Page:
"If you leave Opi, you'll die with strangers," Irma Vitale's mother always warned. Even after her beloved mother's passing, 20-year-old Irma longs to stay in her Abruzzo mountain village, plying her needle. But too poor and plain to marry and subject to growing danger in her own home, she risks rough passage to America and workhouse servitude to achieve her dream of making dresses for gentlewomen.
In the raw immigrant quarters and with the help of an entrepreneurial Irish serving girl, ribbon-decked Polish ragman and austere Alsatian dressmaker, Irma begins to stitch together a new life . . . until her peace and self are shattered in the charred remains of the Great Chicago Fire. Enduring a painful recovery, Irma reaches deep within to find that she has even more to offer the world than her remarkable ability with a needle and thread.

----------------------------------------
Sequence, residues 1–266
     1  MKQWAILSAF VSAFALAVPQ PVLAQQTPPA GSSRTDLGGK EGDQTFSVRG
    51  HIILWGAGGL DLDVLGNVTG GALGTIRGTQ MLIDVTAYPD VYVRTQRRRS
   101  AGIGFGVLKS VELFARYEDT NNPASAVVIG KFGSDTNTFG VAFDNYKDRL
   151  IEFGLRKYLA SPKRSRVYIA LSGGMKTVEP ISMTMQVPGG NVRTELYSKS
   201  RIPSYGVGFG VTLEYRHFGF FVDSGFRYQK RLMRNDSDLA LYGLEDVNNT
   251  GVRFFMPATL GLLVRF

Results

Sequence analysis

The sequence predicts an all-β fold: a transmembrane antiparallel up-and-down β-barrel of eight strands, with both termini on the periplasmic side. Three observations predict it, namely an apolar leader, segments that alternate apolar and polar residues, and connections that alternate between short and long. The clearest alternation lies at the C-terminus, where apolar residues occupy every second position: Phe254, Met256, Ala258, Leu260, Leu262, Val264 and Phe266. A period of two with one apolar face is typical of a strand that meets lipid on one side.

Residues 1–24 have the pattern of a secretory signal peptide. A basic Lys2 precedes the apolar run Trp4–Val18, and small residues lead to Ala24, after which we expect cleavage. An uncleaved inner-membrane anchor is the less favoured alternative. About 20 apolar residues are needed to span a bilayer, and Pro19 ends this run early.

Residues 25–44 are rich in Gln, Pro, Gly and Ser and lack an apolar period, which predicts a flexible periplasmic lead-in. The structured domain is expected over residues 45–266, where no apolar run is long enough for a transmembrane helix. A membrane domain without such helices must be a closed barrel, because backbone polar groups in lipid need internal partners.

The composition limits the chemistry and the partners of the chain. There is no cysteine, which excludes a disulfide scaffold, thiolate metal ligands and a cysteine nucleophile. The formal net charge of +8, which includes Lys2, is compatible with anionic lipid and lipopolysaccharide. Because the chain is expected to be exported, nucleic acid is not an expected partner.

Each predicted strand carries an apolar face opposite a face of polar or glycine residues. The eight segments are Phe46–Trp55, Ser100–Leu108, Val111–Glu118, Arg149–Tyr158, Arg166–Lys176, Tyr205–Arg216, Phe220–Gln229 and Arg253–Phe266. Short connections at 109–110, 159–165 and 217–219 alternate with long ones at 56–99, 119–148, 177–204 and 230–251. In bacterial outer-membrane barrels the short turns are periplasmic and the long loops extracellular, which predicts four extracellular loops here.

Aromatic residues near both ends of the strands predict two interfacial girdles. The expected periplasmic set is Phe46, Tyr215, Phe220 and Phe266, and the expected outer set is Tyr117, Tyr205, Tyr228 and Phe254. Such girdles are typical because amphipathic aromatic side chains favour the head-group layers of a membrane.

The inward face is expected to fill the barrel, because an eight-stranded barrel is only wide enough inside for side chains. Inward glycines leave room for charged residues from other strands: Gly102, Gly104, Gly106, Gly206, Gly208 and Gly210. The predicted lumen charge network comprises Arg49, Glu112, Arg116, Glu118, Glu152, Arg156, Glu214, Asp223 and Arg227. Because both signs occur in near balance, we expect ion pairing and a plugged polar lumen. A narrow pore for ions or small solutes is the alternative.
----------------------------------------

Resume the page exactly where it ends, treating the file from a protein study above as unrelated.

A moving, powerful, and evocative debut novel, When We Were Strangers heralds the arrival of superb new voice in American fiction. Nancy E. Turner, author of These is My Words says of the novel “The people are as real as your own family, and the tale realistic enough to be any American’s."
Browse inside When Were Strangers, check out the reading group guide and Pamela Schoenewaldt's blog. I have 10 copies of When We Were Strangers to give away to the first 10 people who comment that they'd like to participate in the show on March 7th. Set your reminder for the show here.